ACES ON BRIDGE
An avoidance play relates to a position where it is important to keep one particular opponent off lead — because they have winners to cash or can make a killing shift, while the other hand poses no such threat.
Here, you play three no-trump rather than four hearts, when North sensibly eschews the 5-3 heart fit. On the lead of the club three, East plays the queen, and you duck. Now East plays a second club; should you win or duck again?
It is best to win; now to find a ninth trick, you must set up hearts without letting West in. This means you need the king to be onside. If East has three hearts, you can afford to finesse, then play the ace and another heart. But what if he has the doubleton king? Then West would win the third heart.
To cater to both chances, cross to dummy and lead a low heart. If East plays the king, duck; if he plays low, finesse, then go back to dummy to repeat the exercise. If he plays low again, rise with the ace; if he plays the king, you duck.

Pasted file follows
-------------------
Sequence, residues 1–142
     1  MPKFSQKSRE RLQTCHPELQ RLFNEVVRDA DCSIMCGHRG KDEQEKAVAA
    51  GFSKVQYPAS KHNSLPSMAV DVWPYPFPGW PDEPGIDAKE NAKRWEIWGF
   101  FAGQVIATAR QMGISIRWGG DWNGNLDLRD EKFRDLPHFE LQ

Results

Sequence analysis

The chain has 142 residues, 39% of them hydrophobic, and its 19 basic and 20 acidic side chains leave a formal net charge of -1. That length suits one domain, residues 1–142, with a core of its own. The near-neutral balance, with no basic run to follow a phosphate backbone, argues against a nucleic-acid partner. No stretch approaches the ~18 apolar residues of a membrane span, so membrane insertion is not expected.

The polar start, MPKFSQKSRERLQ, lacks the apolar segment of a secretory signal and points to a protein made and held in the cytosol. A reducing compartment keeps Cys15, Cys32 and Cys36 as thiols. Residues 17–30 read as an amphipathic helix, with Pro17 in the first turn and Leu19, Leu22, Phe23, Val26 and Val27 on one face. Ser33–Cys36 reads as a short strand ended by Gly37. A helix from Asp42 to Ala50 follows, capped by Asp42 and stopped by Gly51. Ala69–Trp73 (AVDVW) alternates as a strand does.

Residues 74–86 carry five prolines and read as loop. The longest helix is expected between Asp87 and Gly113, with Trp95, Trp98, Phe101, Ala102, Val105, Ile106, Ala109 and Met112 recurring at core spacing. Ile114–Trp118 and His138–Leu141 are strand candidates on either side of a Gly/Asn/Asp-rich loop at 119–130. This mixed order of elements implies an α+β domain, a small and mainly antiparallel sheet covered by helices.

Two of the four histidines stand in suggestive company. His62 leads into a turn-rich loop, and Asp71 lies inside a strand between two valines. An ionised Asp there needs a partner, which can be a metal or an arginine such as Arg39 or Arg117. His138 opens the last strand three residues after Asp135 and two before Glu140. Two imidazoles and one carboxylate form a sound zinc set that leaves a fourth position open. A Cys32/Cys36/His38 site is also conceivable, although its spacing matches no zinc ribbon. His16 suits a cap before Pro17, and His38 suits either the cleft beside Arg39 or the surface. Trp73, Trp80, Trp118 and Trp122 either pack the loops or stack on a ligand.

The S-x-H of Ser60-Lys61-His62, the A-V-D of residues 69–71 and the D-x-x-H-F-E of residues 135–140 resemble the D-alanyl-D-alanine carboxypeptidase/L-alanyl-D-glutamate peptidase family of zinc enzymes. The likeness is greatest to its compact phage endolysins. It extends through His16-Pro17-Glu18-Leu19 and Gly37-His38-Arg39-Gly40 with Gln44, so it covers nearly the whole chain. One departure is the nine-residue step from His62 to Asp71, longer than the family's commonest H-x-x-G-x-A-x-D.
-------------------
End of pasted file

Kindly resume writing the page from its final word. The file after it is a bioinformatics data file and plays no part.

Do you see a counter to declarer’s play if he ducks the second club? On the third club, East should dramatically discard the heart king. That way, declarer cannot establish hearts without letting West in.
This is why South should win the second club before embarking on the avoidance play. If East turns up with a third club, the suit is splitting 4-3, and the defense cannot take more than three club tricks.
ANSWER: It is a good idea to have a simple agreement: Every pass of a redouble sitting over the trumps is an attempt to play there. One possible exception is a pass of a support double, but I believe in all auctions of the sort shown here, where partner had a chance to make a cheap call and did not do so, then he wants to defend. So pass, and see which player at this table has lost his or her mind.